Editorial

It is in Europe where War Resisters' International (WRI) was founded. It is also there and in the USA where it has its bigger number of members and supporters. Clearly this is reflected in the way it functions as also in the issues that takes on. For the same reasons the groups that identify most strongly with the international are those in Europe plus War Resisters League in the USA. Through the years WRI has worked to become - as its name says - truly international, by adding groups and having activities with groups in other regions of the world. The best example of this effort is Latin America, where there have been several initiatives to make WRI more present and for the region to have a stronger presence in the International. Examples such as the Working Group that functioned in the 1980s and 1990s, the Triennial in Brazil (1994) or Juan De Wandelaer's role as a representative in the region and Cecilia Moretti's as vice-chair are just some of them.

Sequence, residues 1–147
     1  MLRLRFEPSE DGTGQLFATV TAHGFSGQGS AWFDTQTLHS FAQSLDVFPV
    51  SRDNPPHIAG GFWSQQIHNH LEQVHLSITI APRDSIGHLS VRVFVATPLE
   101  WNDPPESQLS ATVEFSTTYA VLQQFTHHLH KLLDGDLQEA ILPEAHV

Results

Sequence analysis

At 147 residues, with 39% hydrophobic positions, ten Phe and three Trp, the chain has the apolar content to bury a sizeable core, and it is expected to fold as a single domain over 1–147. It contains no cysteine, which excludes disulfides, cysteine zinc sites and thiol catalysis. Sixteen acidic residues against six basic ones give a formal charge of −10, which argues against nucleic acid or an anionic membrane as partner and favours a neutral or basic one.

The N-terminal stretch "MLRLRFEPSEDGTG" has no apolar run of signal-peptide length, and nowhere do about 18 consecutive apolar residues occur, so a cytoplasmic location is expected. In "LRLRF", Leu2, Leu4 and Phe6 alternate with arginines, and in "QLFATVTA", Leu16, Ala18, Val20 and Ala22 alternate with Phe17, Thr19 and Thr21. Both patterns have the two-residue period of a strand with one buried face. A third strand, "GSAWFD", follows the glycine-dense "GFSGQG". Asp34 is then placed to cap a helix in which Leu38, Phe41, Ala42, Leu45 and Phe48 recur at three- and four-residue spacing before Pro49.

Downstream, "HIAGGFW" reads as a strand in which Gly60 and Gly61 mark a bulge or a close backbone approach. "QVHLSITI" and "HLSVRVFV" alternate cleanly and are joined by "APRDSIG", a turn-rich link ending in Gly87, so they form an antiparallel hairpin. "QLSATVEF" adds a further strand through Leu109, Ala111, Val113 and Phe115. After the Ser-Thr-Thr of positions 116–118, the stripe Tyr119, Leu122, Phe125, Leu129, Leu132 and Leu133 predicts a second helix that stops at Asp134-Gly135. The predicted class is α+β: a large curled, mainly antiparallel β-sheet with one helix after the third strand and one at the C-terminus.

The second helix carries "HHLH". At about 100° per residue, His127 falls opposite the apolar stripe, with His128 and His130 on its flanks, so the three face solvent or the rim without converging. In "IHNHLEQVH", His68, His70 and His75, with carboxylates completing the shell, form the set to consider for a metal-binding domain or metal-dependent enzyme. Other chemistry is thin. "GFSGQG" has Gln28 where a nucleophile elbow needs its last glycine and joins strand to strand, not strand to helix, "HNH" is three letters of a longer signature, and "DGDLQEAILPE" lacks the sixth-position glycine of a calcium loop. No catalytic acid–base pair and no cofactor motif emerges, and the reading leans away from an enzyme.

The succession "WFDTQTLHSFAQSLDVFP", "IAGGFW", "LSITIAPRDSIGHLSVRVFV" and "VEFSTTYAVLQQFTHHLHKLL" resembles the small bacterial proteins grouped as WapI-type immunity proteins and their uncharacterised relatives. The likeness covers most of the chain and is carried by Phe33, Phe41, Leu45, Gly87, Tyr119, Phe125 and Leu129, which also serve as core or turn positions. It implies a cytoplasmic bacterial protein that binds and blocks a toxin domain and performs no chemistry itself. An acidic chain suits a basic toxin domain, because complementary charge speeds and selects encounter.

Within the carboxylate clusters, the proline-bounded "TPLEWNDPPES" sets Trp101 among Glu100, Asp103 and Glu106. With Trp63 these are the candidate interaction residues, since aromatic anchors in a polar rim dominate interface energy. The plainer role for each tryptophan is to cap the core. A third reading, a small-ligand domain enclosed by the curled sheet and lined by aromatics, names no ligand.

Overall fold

In recent years, WRI has added a significant number of groups to the network, has employed staff in London coming from the region, has had Latin Americans on Council and the Executive, and many of WRI's materials have been translated into Spanish, which has become the second language of the WRI (still behind English but ahead of French and German). So why there is still the perception of distance and of not ownership with WRI? This has to do with the continued domination of the organisation by Europe and the USA, which is reflected in its structures and in the way of working on antimilitarism and nonviolence. But in fact the doors of WRI are more than open for a bigger influence of Latin America in the network. The challenge is to build a WRI identity for Latin America, with the issues that interest us, way of working and of relating that we feel comfortable with. First of all we need to strengthen the work between antimilitarist groups in the region, where there is not a real articulation and clarity on how to work with our own diversity.

This seems to be a slow process and with quite a few holes, this Broken Rifle tries to fill some of these holes. This has been a common effort of groups and people, to try to build this identity, by working together.

Javier Gárate